The R&D reorganization inside Sanofi is continuing, more than a year after the pharma giant brought in John Reed to head the research arm of the Paris-based company.
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The top 10 block­buster drugs in the late-stage pipeline — Eval­u­ate adds 6 new ther­a­pies to heavy-hit­ter list

Vertex comes in for a substantial amount of criticism for its no-holds-barred tactical approach toward wresting the price it wants for its commercial drugs in Europe. But the flip side of that coin is a highly admired R&D and commercial operation that regularly wins kudos from analysts for their ability to engineer greater cash flow from the breakthrough drugs they create.

Both aspects needed for success in this business are on display in the program backing Vertex’s triple for cystic fibrosis. VX-659/VX-445 + Tezacaftor + Ivacaftor — it’s been whittled down to 445 now — was singled out by Evaluate Pharma as the late-stage therapy most likely to win the crown for drug sales in 5 years, with a projected peak revenue forecast of $4.3 billion.

The latest annual list, which you can see here in their latest world preview, includes a roster of some of the most closely watched development programs in biopharma. And Evaluate has added 6 must-watch experimental drugs to the top 10 as drugs fail or go on to a first approval. With apologies to the list maker, I revamped this to rank the top 10 by projected 2024 sales, instead of Evaluate's net present value rankings.

It's how we roll at Endpoints News.

Here is a quick summary of the rest of the top 10:

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How small- to mid-sized biotechs can adopt pa­tient cen­tric­i­ty in their on­col­o­gy tri­als

By Lucy Clos­sick Thom­son, Se­nior Di­rec­tor of On­col­o­gy Pro­ject Man­age­ment, Icon

Clin­i­cal tri­als in on­col­o­gy can be cost­ly and chal­leng­ing to man­age. One fac­tor that could re­duce costs and re­duce bar­ri­ers is har­ness­ing the pa­tient voice in tri­al de­sign to help ac­cel­er­ate pa­tient en­roll­ment. Now is the time to adopt pa­tient-cen­tric strate­gies that not on­ly fo­cus on pa­tient needs, but al­so can main­tain cost ef­fi­cien­cy.

In­vestor day prep at Mer­ck in­cludes a new strat­e­gy to pick up the pace on M&A — re­port

Mer­ck’s re­cent deals to buy up two bolt-on biotechs — Ti­los and Pelo­ton — weren’t an aber­ra­tion. In­stead, both ac­qui­si­tions mark a new strat­e­gy to beef up its dom­i­nant can­cer drug op­er­a­tions cen­tered on Keytru­da while look­ing to ad­dress grow­ing con­cerns that too many of its eggs are in the one I/O bas­ket for their PD-1 pro­gram. And Mer­ck is go­ing af­ter more small- and mid-sized buy­outs to calm those fears.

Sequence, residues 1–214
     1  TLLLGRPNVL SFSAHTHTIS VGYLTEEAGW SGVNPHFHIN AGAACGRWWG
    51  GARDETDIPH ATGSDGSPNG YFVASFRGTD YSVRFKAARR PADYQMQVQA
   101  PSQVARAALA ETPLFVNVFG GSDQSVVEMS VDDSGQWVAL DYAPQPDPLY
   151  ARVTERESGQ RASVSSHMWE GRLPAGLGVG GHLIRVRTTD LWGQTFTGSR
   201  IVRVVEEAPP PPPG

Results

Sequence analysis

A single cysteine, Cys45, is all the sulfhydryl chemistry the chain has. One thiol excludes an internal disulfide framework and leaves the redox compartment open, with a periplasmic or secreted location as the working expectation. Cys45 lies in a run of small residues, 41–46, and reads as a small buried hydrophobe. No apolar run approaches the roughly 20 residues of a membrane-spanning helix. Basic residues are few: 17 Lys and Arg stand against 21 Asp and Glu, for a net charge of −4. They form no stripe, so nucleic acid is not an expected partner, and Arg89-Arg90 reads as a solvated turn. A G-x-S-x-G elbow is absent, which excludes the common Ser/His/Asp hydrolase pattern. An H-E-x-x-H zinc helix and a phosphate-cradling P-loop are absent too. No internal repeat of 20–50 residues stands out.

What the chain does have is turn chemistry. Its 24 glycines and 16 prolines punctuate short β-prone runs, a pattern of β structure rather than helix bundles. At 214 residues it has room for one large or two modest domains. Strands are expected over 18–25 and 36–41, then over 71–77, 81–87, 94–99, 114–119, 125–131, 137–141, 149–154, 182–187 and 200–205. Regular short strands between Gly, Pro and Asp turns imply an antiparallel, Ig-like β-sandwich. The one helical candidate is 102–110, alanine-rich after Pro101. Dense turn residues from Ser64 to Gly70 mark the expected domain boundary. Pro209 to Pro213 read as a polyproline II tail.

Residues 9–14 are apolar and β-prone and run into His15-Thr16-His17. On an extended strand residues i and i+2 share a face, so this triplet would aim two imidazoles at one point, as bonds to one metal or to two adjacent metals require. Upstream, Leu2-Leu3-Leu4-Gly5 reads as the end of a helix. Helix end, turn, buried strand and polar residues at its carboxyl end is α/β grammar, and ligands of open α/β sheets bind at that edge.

John Chiminski, Catalent CEO - File Photo

'It's a growth play': Catal­ent ac­quires Bris­tol-My­er­s' Eu­ro­pean launch pad, ex­pand­ing glob­al CD­MO ops

Catalent is staying on the growth track.

Just two months after committing $1.2 billion to pick up Paragon and take a deep dive into the sizzling hot gene therapy manufacturing sector, the CDMO is bouncing right back with a deal to buy out Bristol-Myers’ central launchpad for new therapies in Europe, acquiring a complex in Anagni, Italy, southwest of Rome, that will significantly expand its capacity on the continent.

There are no terms being offered, but this is no small deal. The Anagni campus employs some 700 staffers, and Catalent is planning to go right in — once the deal closes late this year — with a blueprint to build up the operations further as they expand on oral solid, biologics, and sterile product manufacturing and packaging.

This is an uncommon deal, Catalent CEO John Chiminski tells me. But it offers a shortcut for rapid growth that cuts years out of developing a green fields project. That’s time Catalent doesn’t have as the industry undergoes unprecedented expansion around the world.

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Right back at you, Pfiz­er: BeiGene and a Pfiz­er spin­out launch a new­co to de­vel­op a MEK/BRAF in­hibitor that could ri­val $11.4B com­bo

A day af­ter Pfiz­er bought Ar­ray and its ap­proved can­cer com­bo, BeiGene and Pfiz­er spin­out Spring­Works have part­nered in launch­ing a new biotech that has an eye on the very same mar­ket the phar­ma gi­ant just paid bil­lions for. And they’re plan­ning on us­ing an ex-Pfiz­er drug to do it.

In a nut­shell, Chi­na’s BeiGene is toss­ing in a pre­clin­i­cal BRAF in­hibitor — BGB-3245, which cov­ers both V600 and non-V600 BRAF mu­ta­tions — for a big stake in a new, joint­ly con­trolled biotech called Map­Kure with Bain-backed Spring­Works.